A player that placed himself on the self exclusion list for New Jersey online casinos learned a tough lesson. The New Jersey Division of Gaming Enforcement forced the player to forfeit $15,526. The player was banned from all New Jersey online casinos before playing at Resorts. It is unknown how the player gained access to the site or how the casino or regulators discovered it.
The New Jersey Division of Gaming Enforcement states that the complaint was filed on April 4, 2017. The winnings were held by NYX Group, which provides the online casino software for Resorts. The site and player were given notice that a hearing could be requested within 15 days to dispute the forfeiture order.
Neither the online casino or the player requested one. It appears that the player did not respond at all. This caused the New Jersey Division of Gaming Enforcement to find that the player admitted fault and that the funds should be forfeited. Resorts did not object to the action so the $15,526 was turned over to state regulators. The order was dated May 9.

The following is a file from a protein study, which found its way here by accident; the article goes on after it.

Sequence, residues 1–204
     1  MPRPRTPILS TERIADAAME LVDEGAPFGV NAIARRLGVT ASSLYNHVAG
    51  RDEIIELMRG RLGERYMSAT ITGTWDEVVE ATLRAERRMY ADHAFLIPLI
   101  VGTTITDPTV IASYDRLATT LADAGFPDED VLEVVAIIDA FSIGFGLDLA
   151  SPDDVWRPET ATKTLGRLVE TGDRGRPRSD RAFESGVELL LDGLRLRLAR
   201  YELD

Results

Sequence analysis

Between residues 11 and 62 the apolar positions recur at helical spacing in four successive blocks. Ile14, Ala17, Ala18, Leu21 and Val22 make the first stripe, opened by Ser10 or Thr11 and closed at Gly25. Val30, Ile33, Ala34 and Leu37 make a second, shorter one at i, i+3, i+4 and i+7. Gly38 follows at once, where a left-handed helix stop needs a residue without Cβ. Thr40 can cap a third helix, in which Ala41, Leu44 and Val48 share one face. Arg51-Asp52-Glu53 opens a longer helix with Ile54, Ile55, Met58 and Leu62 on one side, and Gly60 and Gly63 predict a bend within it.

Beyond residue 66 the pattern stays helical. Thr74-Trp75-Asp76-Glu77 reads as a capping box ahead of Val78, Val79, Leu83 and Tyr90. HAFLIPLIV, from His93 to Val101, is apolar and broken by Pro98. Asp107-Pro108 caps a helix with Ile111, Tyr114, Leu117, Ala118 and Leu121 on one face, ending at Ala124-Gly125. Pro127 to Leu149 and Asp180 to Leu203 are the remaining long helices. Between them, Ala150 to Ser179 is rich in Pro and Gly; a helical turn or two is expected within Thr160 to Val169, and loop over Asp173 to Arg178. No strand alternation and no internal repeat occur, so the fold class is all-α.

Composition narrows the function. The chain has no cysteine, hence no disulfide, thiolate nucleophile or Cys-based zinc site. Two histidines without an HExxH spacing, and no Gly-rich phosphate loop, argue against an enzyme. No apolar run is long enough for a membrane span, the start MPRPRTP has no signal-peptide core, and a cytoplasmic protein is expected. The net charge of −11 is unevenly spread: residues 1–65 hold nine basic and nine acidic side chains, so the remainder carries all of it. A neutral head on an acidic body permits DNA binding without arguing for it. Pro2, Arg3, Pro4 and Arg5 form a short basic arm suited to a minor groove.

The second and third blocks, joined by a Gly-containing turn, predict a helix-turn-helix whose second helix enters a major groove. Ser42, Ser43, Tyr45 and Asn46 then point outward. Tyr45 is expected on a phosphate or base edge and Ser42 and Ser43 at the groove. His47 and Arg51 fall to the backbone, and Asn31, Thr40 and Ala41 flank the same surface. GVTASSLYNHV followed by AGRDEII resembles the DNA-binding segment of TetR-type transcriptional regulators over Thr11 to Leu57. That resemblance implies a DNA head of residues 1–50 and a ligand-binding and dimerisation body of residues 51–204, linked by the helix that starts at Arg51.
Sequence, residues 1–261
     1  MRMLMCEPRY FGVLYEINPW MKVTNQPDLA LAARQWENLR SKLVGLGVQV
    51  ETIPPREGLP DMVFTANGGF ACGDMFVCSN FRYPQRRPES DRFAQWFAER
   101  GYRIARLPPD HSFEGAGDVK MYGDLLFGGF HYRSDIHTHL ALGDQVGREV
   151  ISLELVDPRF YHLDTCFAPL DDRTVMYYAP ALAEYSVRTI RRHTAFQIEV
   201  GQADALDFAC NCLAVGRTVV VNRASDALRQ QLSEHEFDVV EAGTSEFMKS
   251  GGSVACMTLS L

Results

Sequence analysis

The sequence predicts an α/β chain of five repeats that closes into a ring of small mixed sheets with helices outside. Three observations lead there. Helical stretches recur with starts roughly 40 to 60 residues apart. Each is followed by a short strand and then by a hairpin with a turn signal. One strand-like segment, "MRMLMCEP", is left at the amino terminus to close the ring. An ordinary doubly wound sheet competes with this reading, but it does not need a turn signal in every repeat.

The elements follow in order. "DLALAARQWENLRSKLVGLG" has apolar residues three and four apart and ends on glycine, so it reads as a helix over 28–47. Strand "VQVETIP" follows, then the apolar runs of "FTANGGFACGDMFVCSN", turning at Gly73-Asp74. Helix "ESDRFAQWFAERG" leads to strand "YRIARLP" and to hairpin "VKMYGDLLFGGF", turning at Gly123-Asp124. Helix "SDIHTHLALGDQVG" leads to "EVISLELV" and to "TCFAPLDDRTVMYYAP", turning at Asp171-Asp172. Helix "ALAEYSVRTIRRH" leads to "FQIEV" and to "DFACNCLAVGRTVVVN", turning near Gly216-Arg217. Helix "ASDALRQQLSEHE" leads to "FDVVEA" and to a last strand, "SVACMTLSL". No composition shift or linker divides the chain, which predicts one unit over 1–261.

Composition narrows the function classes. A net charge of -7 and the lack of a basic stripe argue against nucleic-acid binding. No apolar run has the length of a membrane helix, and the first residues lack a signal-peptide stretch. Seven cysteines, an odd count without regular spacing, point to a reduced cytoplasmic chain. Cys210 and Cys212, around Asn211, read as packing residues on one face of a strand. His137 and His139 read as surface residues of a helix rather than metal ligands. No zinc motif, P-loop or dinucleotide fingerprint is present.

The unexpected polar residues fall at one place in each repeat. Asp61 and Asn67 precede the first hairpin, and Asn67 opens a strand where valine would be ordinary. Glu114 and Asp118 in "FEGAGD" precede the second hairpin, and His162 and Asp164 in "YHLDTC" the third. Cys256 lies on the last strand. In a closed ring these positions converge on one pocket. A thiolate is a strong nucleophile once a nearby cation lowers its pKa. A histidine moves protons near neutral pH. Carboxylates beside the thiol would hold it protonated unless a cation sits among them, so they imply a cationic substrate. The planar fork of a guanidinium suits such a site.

Playing after self exclusion always ends poorly
There is a reason why self exclusion exists. It is a way for problem gamblers to opt out as part of addiction recovery. Most online gambling sites offer this feature. Regulated ones, like those in New Jersey, are required to offer this feature. It typically covers every gaming site in the jurisdiction if done through regulators or the specific site if only done in the software. Players that opt into it and subsequently play are making a huge risk.
Online casino sites will not pay winnings if a player that has opted out wins. There may even be a policy that requires the site to keep the money. Players that decide to stop online gambling using this method must be certain that this is the right move and stick by it. This player, only referred to as “ST” in the complaint, learned this the hard way.
It’s likely that the player did not use his own information when creating the account. Identity software used by the casino would have discovered this quickly. The player probably used a family member or friend’s information. This may have tipped off the person whose identity was used. It may have required the actual name on the account’s personal information to process the large withdrawal transaction, which would have made it impossible to ever receive the winnings.
ST is now out the money that he lost before opting out, as well as a massive win that would have probably reversed losses leading up to the opt out. Don’t make the same mistake as ST. If you opt out of an online gaming site or jurisdiction, stay away for as long as it applies.